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Nate Marquardt
<p><strong>Nate Marquardt</strong></p>

Let’s Talk About Talking to Car Dealership Customers

Technology helps. How else would a dealer remember a customer&rsquo;s favorite color? But it&rsquo;s no replacement for conversation.

Ask anyone who has been in the business for a while how they create lasting customer relationships. They’ll tell you it’s through conversation.

Of course, technology aids in the process of relationship management. How else would you remember a customer’s favorite color or the names of their kids?

Some of us are better at this than others. However you manage to remember the details of your customers’ lives, if you can’t build a relationship with them through conversation, you’re unlikely to make a sale.

I heard a professional sales trainer say, “People rarely argue with their own conclusions.” Through conversation, whether in person or via Twitter, dealerships have the unique opportunity to guide customers to their own conclusion: to buy a vehicle.

No amount of online reviews, content marketing or advertisements can achieve this goal quite like the good old fashioned art of conversation.

So how can something so simple as conversation actually improve dealership marketing efforts, specifically digital marketing?

Selling isn’t an art, but it is a skill. At its heart, a sale should provide a solution to a problem. In the case of car sales, people need a vehicle for any number of reasons. It’s our job to make sure they find the vehicle that best fits their needs and budget. In order to better understand the needs and budget of our customers, we ask questions and, most importantly, listen.

This is typically a pretty easy task when we are face-to-face with folks. But what about the time customers spend online researching cars, trucks and SUVs without talking to anyone?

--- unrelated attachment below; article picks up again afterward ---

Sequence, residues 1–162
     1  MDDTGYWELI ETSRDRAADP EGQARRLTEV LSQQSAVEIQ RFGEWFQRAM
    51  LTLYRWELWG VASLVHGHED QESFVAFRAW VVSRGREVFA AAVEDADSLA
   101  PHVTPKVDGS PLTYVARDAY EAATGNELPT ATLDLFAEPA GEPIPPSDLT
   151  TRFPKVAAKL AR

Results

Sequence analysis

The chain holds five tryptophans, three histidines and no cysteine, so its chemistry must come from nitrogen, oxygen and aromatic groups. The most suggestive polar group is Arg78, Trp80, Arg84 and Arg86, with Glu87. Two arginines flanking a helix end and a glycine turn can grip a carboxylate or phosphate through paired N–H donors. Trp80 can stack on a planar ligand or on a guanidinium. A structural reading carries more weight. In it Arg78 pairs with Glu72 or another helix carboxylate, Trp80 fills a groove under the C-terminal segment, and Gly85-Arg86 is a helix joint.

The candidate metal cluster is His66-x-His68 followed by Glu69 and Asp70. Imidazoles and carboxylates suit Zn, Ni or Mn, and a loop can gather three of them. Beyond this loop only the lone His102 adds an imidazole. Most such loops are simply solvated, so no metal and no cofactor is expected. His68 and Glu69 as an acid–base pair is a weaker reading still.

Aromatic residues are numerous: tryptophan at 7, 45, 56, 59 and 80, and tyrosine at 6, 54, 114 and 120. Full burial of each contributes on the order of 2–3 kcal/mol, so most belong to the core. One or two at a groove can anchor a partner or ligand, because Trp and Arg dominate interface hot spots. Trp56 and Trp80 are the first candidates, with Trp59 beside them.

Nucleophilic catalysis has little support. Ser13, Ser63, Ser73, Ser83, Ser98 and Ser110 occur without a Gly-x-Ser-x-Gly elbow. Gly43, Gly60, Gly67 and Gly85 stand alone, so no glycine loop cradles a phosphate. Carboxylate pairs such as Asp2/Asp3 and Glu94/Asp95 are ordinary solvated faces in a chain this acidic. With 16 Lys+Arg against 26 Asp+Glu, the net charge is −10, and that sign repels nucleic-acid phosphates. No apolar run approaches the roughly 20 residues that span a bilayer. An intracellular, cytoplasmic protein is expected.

Seventy percent of the car-buying process is already complete before prospects are willing to engage with a salesperson, according to one study.

Sure, online reviews can answer questions regarding customer service, friendliness of staff, cleanliness of facility, etc. but that’s not a two-way conversation.

The benefit of an actual conversation is that it builds engagement, which ultimately builds a relationship between the sales rep and the customer. It’s the difference between a floor “up” talking to the first sales rep that greets them on the lot or asking specifically for a sales rep by name. Engagement fosters relationships, which build trust.

Social media provides dealerships with an amazing opportunity: to start the conversation before the customer walks onto the lot. If we stop thinking about digital marketing only as a way to drive website traffic or to improve brand awareness, and more of a conversation starting point, then we can get back to what we do best: building relationships and selling cars.

Instead of spewing social media updates about the weather, local sports teams and dealership events to anyone and everyone who may see it, consider asking questions, responding to requests for information, and leave the hard sale behind. It’s fact finding. It goes back to learning what the customer’s challenge is and asking the right questions to provide a solution that offers value and makes he or she feel in control.

Nate Marquardt is co-founder and CEO of ChatterUP, a social media sales and marketing company. He can be reached at [email protected]

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